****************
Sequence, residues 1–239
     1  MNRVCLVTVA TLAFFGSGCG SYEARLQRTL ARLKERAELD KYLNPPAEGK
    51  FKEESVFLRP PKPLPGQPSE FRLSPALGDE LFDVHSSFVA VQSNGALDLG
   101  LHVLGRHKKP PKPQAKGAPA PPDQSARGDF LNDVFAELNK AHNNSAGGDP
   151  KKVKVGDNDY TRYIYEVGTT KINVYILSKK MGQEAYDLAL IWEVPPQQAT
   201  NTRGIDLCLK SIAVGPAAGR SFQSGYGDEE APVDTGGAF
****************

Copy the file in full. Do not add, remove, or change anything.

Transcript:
Sequence, residues 1–239
     1  MNRVCLVTVA TLAFFGSGCG SYEARLQRTL ARLKERAELD KYLNPPAEGK
    51  FKEESVFLRP PKPLPGQPSE FRLSPALGDE LFDVHSSFVA VQSNGALDLG
   101  LHVLGRHKKP PKPQAKGAPA PPDQSARGDF LNDVFAELNK AHNNSAGGDP
   151  KKVKVGDNDY TRYIYEVGTT KINVYILSKK MGQEAYDLAL IWEVPPQQAT
   201  NTRGIDLCLK SIAVGPAAGR SFQSGYGDEE APVDTGGAF